I recently saw a news segment that says more and more adults are suffering from insomnia.
Are you under a lot of stress? Or depressed? Do you feel emotionally flat or helpless? Do you struggle with a chronic feeling of anxiety or worry? Have you recently gone through a traumatic experience? Are you taking medications that might be affecting your sleep? Do you have health problems that might affect your sleep? How about your sleeping environment? Is it quiet and comfortable?
When I read this next one I was surprised, are you spending enough time in sunlight during the day and in darkness at night? Do you try to go to bed and get up around the same time every day? Medications can cause insomnia.
Cold and flu medications that contain alcohol, pain relievers that contain caffeine (Midol—Excedrin) can keep you awake. Please read the labels of what you are taking and drinking. I am very caffeine sensitive and can’t tolerate caffeine close to bedtime. High blood pressure medication can also keep you awake. Make sure you read the side effects of your prescriptions.
Maybe your lack of sleep is connected to that big screen television in your bedroom or that computer screen or iPhone screen you can’t stop looking at right before you go to sleep.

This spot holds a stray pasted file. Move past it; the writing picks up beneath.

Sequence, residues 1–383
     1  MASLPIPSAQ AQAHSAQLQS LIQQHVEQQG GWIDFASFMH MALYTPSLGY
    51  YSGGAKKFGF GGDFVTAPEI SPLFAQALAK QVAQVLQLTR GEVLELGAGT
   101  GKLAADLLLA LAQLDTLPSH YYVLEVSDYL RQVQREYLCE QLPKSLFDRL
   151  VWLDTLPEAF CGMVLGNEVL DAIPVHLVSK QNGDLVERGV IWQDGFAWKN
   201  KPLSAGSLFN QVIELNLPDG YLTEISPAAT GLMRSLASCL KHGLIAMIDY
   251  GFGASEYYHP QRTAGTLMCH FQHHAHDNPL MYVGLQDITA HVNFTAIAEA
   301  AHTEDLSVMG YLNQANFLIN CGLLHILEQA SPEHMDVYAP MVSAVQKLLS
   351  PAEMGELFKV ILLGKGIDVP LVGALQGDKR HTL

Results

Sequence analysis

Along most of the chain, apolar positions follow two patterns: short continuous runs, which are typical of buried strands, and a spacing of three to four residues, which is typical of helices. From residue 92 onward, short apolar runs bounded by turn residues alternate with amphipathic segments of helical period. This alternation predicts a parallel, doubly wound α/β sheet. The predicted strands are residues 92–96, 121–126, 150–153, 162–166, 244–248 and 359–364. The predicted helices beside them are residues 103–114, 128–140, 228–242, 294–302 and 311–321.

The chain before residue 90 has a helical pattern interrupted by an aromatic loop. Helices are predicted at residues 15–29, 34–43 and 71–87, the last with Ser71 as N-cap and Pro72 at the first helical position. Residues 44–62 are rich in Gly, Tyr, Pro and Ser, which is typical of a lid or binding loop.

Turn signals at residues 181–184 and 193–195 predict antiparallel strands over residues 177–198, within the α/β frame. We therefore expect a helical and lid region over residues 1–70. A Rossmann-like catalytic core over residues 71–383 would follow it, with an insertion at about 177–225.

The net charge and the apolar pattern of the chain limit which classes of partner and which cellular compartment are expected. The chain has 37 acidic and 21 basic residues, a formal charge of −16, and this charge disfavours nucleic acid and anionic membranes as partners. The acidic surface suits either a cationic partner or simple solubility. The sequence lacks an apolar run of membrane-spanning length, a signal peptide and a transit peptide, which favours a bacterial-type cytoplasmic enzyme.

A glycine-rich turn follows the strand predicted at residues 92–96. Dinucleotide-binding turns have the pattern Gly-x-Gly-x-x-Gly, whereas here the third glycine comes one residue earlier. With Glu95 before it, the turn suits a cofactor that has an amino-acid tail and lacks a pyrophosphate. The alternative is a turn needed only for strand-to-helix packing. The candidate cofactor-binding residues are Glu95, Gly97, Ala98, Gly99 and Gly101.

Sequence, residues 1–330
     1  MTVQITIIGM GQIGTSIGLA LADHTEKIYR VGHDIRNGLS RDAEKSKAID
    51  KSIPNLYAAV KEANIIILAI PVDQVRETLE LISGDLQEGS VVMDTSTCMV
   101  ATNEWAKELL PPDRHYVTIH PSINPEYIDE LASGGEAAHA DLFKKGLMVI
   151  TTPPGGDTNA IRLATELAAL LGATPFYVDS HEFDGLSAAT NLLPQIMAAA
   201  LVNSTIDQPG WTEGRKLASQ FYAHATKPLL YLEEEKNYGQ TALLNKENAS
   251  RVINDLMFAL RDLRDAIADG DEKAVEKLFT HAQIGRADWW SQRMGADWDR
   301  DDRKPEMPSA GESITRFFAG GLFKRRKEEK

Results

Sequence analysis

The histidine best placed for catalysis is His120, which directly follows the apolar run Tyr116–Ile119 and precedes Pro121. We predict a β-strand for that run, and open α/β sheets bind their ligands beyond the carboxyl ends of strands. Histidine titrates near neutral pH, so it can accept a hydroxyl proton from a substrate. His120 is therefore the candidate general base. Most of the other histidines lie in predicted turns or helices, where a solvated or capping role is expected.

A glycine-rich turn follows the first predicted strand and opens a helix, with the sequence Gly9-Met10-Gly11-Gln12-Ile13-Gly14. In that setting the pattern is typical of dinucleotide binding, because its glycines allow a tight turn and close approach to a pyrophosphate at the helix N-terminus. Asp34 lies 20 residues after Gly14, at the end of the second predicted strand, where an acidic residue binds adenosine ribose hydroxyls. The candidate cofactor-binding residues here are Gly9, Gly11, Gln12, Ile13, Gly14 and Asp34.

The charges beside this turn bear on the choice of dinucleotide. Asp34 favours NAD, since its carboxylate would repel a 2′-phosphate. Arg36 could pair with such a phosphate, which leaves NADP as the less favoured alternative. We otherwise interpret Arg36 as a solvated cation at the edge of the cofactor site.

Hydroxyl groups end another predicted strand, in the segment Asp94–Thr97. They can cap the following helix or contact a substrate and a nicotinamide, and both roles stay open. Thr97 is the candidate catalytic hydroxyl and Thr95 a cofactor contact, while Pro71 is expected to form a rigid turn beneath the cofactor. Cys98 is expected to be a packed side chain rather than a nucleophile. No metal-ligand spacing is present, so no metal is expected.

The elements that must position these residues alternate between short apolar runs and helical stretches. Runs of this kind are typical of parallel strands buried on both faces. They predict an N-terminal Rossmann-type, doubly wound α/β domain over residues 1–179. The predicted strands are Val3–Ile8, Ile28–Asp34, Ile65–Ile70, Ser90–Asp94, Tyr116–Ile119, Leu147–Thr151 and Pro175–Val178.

Experts on sleep recommend that you turn off the television and computer screens at least one hour before bed. What happened to those days when I could fall asleep to the TV? I could put on any old boring show and fall asleep. Your brain produces the hormone melatonin to help regulate your sleep wake cycle. As melatonin is controlled by light exposure not enough natural light during the day can make your brain feel sleepy. While too much artificial light at night can suppress production of melatonin and make it harder to sleep.
To prepare your brain for sleep increase your light exposure during the day. Take breaks outside in sunlight, open blinds and curtains during the day. Limit artificial light at night. To boost melatonin production use low wattage bulbs, cover windows and electrical displays. I find that the display from the clock radio and the display from the cable box can keep me awake. From time to time I have covered them. Friends have recommended a sleep mask but I don’t like the feeling of the mask on my face. I did find some tips that will help you get your zzzz’s, here goes.
Take a warm bath, get a massage, get some exercise during the day, avoid illuminated bedroom clocks, sleep in a good firm bed and if you can’t sleep, get up. Maybe a before-bed snack will help you get to sleep. A small, low protein, high carbohydrate bedtime snack, such as juice and cookies, eaten about an hour before bedtime, may help you fall asleep sooner. (Pizza does not qualify.)
On the other hand: Studies indicate that foods with large amounts of the amino acid L-tryptophan help us sleep better. These include warm or hot milk, eggs, cottage cheese, chicken, turkey and cashews. I read a tip in a magazine that said watermelon contains tryptophan. Keep the room temperature between 60-65 degrees, any warmer and you’ll toss and turn from the discomfort of being too warm.
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